26 November 2002 Development of a circadian light source
Author Affiliations +
Solid state lighting presents a new paradigm for lighting - controllability. Certain characteristics of the lighting environment can be manipulated, because of the possibility of using multiple LEDs of different emission wavelengths as the illumination source. This will provide a new, versatile, general illumination source due to the ability to vary the spectral power distribution. New effects beyond the visual may be achieved that are not possible with conventional light sources. Illumination has long been the primary function of lighting but as the lighting industry has matured the psychological aspects of lighting have been considered by designers; for example, choosing a particular lighting distribution or color variation in retail applications. The next step in the evolution of light is to consider the physiological effects of lighting that cause biological changes in a person within the environment. This work presents the development of a source that may have important bearing on this area of lighting. A circadian light source has been developed to provide an illumination source that works by modulating its correlated color temperature to mimic the changes in natural daylight through the day. In addition, this source can cause or control physiological effects for a person illuminated by it. The importance of this is seen in the human circadian rhythm's peak response corresponding to blue light at ~460 nm which corresponds to the primary spectral difference in increasing color temperature. The device works by adding blue light to a broadband source or mixing polychromatic light to mimic the variation of color temperature observed for the Planckian Locus on the CIE diagram. This device can have several applications including: a tool for researchers in this area, a general illumination lighting technology, and a light therapy device.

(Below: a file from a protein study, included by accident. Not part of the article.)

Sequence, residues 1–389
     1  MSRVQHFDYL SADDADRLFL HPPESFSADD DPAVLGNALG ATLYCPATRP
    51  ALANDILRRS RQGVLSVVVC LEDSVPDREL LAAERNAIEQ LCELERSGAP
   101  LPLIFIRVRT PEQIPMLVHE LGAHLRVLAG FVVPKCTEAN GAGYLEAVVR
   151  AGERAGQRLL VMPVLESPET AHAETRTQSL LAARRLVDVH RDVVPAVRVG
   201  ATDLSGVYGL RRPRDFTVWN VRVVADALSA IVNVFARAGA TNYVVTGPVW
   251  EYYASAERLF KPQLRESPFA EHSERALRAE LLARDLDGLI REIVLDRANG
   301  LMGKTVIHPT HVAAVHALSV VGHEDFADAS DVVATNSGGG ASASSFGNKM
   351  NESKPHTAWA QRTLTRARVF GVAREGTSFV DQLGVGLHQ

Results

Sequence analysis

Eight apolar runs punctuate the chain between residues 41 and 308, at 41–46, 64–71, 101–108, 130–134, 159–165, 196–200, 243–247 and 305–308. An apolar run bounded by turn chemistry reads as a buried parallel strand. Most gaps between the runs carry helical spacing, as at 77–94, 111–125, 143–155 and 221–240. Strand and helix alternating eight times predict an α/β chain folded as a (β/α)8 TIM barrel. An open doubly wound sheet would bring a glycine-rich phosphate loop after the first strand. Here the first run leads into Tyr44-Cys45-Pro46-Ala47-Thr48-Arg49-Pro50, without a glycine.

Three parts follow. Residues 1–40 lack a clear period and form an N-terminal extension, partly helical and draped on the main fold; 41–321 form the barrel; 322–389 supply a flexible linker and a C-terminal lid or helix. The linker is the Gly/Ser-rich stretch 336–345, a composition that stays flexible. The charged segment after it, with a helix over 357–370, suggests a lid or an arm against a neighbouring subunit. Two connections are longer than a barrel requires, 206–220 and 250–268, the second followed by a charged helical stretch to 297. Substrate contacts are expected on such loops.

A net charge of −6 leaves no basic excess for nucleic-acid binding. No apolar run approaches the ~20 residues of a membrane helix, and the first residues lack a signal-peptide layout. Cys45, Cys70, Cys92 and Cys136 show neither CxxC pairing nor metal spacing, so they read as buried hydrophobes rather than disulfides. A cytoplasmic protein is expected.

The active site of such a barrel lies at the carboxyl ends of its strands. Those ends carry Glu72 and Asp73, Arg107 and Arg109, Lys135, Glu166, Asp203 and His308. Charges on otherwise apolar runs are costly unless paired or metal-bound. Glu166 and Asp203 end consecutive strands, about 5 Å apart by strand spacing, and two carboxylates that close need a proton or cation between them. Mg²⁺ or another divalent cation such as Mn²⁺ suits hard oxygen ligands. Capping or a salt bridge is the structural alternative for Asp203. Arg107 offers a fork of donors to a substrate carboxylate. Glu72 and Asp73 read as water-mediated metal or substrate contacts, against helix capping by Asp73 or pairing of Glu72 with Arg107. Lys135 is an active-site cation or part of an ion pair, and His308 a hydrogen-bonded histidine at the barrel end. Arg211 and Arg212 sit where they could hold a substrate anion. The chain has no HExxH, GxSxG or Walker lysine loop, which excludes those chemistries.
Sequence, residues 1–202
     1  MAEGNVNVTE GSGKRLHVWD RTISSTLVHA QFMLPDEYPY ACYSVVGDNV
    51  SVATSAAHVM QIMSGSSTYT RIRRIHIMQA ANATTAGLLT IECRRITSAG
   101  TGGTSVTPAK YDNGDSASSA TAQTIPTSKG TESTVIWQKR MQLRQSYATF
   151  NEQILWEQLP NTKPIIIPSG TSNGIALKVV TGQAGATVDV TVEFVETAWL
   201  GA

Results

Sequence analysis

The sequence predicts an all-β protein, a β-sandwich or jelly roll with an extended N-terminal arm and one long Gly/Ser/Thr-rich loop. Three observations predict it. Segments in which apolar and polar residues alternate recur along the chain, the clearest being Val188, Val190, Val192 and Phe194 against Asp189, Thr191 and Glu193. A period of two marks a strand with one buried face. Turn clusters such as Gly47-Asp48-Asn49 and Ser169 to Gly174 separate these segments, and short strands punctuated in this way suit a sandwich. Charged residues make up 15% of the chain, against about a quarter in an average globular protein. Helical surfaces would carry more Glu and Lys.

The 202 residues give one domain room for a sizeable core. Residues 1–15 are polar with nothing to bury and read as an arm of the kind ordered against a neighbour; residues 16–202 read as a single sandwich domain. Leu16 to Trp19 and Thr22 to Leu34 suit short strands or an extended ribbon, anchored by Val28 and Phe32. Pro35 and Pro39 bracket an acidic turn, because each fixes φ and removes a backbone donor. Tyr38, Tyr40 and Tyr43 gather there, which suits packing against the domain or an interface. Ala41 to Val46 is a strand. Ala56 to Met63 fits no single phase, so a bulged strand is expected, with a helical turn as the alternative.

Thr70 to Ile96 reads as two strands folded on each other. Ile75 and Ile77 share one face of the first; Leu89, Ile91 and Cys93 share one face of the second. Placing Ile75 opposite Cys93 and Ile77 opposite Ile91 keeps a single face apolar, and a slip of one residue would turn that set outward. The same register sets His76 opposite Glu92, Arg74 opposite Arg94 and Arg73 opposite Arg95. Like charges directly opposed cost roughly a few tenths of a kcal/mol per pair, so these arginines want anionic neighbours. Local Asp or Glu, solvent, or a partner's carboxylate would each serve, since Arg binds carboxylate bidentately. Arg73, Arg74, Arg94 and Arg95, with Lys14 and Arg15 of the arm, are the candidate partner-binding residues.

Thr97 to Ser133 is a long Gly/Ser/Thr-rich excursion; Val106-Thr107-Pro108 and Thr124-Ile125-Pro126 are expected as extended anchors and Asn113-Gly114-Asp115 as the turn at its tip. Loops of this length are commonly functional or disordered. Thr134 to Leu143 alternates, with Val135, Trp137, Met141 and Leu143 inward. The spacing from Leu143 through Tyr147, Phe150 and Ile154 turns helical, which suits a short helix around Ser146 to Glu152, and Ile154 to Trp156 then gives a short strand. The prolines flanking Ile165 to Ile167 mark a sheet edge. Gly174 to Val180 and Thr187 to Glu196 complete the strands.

© (2002) COPYRIGHT Society of Photo-Optical Instrumentation Engineers (SPIE). Downloading of the abstract is permitted for personal use only.
David B. Nicol, David B. Nicol, Ian T. Ferguson, Ian T. Ferguson, } "Development of a circadian light source", Proc. SPIE 4776, Solid State Lighting II, (26 November 2002); doi: 10.1117/12.469722; https://doi.org/10.1117/12.469722


Evaluation of OLED and edge-lit LED lighting panels
Proceedings of SPIE (September 06 2016)
Energy efficient lighting for the biological clock
Proceedings of SPIE (February 09 2011)
Spectral sensitivity of the circadian system
Proceedings of SPIE (January 25 2004)
Non-visual effects of light: implications for design
Proceedings of SPIE (September 02 2010)

Back to Top